You come too dark these days. Without my glasses you look like night. The baby bridges Sam and I, kicks me in the shoulder and I crawl into the bottom bunk, fall into a restless, dreamless sleep. There is too much for me these days with the cleaning and washing and wiping the bums. And then the other parts of the night where I hear about the body, and drinking and muscles, and I glaze over and wonder if I am meant to learn this way. My eyes dried and lazy, turn out from the center, searching for wisdom in all directions but directly in front. I am afraid of the night still, even as the years have ticked by without insomnia. I stuff it into my pillowcase with a crystal and a prayer, and hope to wake.
I have a water fountain in my office now. My husband and children made it for me for Christmas, and when I sit and wait for quiet and direction, the water sounds frantic, falling and lifting over small river stones, one with Lev's name written on it, a shell from Australian and a piece of glass blown as a touchstone for the beauty and darkness in me. The water, urgent and demanding, makes my heart race like I'm late for something. And yet I don't know what I'm late for, just that the writing is too slow and the quiet is not quiet enough. The water is rushing me. Calm down, water.
I lost something this past year. I lost something of grief, though it is not grief. Grief hangs all over my house, not oppressive, but the thing that touches grace and compassion and reminds us of hell. I listened to a woman speak of her miscarriage. It was graphic and heartbreaking and happened twenty plus years ago. She had never spoken of it, and the room quieted. And I looked down at my hands, unsure of how to explain the grace we are privileged to witness. My last baby died not even a year ago. Morning, you kept coming. Summer upon me, warming the deck, dancing on my face as I sipped full caffeinated coffee. The moss, cool underfoot, held my stance about you. Morning helped now, because mourning before helped.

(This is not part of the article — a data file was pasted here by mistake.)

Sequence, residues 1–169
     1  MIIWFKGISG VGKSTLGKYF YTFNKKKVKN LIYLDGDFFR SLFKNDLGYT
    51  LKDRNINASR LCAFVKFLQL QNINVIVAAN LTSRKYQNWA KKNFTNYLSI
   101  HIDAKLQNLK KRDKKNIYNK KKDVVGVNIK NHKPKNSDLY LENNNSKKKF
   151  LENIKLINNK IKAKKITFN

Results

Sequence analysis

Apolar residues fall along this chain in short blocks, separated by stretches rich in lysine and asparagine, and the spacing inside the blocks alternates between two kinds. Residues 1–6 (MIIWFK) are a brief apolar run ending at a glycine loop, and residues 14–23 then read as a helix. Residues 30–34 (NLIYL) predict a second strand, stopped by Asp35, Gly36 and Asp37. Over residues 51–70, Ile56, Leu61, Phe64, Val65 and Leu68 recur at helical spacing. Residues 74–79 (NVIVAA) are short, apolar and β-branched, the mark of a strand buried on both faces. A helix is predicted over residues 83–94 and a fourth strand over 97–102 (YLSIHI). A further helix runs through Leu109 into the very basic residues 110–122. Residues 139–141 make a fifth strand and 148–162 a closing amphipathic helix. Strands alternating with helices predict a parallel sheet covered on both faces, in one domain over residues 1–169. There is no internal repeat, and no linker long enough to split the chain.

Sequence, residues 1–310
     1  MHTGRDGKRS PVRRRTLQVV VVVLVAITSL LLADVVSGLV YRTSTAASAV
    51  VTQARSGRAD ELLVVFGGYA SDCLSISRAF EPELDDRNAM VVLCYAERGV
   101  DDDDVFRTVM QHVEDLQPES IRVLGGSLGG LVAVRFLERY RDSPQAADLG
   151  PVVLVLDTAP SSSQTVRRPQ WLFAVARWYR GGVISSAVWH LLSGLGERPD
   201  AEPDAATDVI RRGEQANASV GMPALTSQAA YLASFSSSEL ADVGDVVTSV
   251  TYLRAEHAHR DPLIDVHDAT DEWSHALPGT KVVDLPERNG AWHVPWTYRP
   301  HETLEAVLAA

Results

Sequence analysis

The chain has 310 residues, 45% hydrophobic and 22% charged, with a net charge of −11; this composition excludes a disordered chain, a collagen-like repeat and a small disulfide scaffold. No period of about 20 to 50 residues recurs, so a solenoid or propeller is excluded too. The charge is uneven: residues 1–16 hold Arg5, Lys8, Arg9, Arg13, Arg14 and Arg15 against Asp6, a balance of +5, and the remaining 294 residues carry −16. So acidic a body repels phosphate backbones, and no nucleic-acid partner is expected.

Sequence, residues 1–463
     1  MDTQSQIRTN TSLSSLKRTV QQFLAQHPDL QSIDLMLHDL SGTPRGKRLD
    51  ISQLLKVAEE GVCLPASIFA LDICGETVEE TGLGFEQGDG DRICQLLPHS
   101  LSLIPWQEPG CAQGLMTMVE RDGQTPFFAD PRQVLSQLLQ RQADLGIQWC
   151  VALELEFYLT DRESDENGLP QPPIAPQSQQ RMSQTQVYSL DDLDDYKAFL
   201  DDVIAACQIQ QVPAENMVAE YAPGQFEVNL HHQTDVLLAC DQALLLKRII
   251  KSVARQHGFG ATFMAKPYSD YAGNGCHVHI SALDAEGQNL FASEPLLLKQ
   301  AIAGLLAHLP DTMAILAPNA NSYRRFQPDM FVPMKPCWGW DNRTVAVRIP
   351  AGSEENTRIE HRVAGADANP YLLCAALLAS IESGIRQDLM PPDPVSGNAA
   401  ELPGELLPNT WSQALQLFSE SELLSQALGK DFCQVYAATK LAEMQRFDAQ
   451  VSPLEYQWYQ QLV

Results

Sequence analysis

Morning, you are still my favorite time of day, even though you come too early and dark. I stretch through the fog and cold and smell you. Your dank something that reminds me of cappuccinos and waking in a cold piazza, too drunk and flu-ish to find my way inside an Italian hostel. I wrapped in a pinstriped sports jacket three sizes too big with an Italian scarf that smelled like smoke and booze. I drank cheap red wine out of an evian bottle, and passed out somewhere. I am lucky, Morning, that you hid me in your corners. I am lucky that you wafted the aroma of due cappucci in my direction, beckoned me to sober up despite myself. I have no drunken nights now. I wake without pounding head and dried lips and cotton through my mouth. I wake with potential and no regret. I wake knowing who I am and where I am and what I am doing today.
I remember this piece of dialogue from Alice in Wonderland and it reminds me of you.
Would you tell me, please, which way I ought to go from here?
That depends a good deal on where you want to get to.
I don't much care where.
Then it doesn't much matter which way you go.
...So long as I get somewhere.
Oh, you're sure to do that, if only you walk long enough.
I've walked through plenty of mornings, you know better than anyone. Thirty-nine years of mornings. I've never been sure of which way I am going, (and this is the where the faith takes root) I just know that I am getting somewhere.